FRANKFURT (Reuters) – The European Central Bank left policy unchanged on Thursday as widely expected, holding fire before a set of crucial decisions in December on ending pandemic emergency stimulus and returning policy to a more normal setting.
Confirming its policy stance, the ECB will continue to buy bonds at a “moderately lower” pace this quarter than in the preceding six months, aiming to keep down borrowing costs while the economy rebounds from the pandemic.
It also maintained its guidance to keep interest rates exceptionally low for years to come, a stipulation increasingly challenged by financial investors, who are doubting the ECB’s narrative on inflation.
The guidance calls for steady or lower rates until inflation rises back to the ECB’s 2% target by the middle of its projection horizon and holds there on a durable basis.
That is not likely to happen for years to come according to the ECB’s projections, yet markets now expect a rate hike before the end of 2022 as inflation is seen settling higher after its current spike than policymakers predict.
Consumer price growth is expected to hit 4% this year before a steady decline next year but the ECB and financial investors differ on how quickly and how far price growth will sink back over the coming years.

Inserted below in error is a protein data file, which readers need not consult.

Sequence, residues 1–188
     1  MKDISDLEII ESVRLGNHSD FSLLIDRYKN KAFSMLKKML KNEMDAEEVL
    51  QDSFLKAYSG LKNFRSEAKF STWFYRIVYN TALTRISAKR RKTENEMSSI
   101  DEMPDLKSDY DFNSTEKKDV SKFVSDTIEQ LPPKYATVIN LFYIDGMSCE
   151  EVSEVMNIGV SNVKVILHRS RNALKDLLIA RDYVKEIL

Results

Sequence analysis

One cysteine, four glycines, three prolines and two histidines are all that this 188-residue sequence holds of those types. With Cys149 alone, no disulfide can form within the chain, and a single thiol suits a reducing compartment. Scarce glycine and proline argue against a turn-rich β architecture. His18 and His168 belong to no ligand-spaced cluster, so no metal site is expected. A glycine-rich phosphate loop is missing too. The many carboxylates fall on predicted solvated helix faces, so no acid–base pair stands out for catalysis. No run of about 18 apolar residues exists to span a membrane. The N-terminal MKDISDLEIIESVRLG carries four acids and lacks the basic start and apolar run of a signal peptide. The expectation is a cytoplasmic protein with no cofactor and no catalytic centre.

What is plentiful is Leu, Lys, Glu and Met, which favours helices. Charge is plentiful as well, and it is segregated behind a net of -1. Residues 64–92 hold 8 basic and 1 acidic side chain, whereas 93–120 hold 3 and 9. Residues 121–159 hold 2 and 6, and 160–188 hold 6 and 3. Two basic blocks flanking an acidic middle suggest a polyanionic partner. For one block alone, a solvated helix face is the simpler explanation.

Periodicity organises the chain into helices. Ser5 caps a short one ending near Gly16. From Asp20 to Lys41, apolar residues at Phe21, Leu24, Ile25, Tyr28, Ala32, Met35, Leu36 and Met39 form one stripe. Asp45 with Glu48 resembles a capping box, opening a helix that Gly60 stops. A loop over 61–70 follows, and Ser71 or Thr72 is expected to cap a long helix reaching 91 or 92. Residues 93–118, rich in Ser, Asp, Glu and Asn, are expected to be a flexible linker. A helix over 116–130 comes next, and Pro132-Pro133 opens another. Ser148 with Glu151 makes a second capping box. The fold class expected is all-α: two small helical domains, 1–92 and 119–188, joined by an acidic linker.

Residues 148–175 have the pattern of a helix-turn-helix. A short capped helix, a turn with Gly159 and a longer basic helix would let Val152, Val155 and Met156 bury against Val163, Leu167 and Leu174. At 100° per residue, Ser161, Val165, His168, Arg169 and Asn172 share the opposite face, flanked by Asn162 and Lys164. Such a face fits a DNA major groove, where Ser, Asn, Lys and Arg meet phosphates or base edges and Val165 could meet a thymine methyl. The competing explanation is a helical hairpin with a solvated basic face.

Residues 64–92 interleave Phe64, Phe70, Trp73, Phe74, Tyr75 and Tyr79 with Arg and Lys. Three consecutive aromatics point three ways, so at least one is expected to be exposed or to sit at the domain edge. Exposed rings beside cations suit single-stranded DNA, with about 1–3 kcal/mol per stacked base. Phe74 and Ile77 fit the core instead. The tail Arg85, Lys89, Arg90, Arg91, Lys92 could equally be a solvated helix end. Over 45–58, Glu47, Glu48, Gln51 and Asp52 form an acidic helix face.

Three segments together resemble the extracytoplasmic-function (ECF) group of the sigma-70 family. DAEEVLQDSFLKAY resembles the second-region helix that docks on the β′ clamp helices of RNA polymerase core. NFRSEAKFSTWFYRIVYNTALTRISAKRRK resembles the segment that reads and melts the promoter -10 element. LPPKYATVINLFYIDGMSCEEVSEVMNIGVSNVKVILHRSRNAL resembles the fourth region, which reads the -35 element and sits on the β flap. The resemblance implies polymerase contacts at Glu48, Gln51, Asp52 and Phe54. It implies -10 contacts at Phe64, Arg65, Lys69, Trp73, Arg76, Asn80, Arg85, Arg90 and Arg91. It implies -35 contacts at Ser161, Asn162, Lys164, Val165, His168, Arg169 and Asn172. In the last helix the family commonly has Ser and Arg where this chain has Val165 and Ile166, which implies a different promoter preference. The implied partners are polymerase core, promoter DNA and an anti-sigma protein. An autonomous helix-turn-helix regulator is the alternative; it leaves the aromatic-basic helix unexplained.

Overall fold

Speaking to reporters at a 1230 GMT news conference, ECB President Christine Lagarde is expected reaffirm the bank’s long-standing narrative that inflation over the medium term will remain below target, so that conditions for a rate rise next year will not be met.
She is also likely to argue that wage growth, a necessary component of durable inflation, is so muted that the risk of durably higher inflation remains low.
Lagarde is nevertheless expected to acknowledge that inflation pressures are rising and that risks for price growth are skewed towards the upside.
In December, the ECB is expected to decide on winding down pandemic-era emergency stimulus and likely replacing the lost support with more traditional measures.
(Reporting by Balazs Koranyi; Editing by Catherine Evans)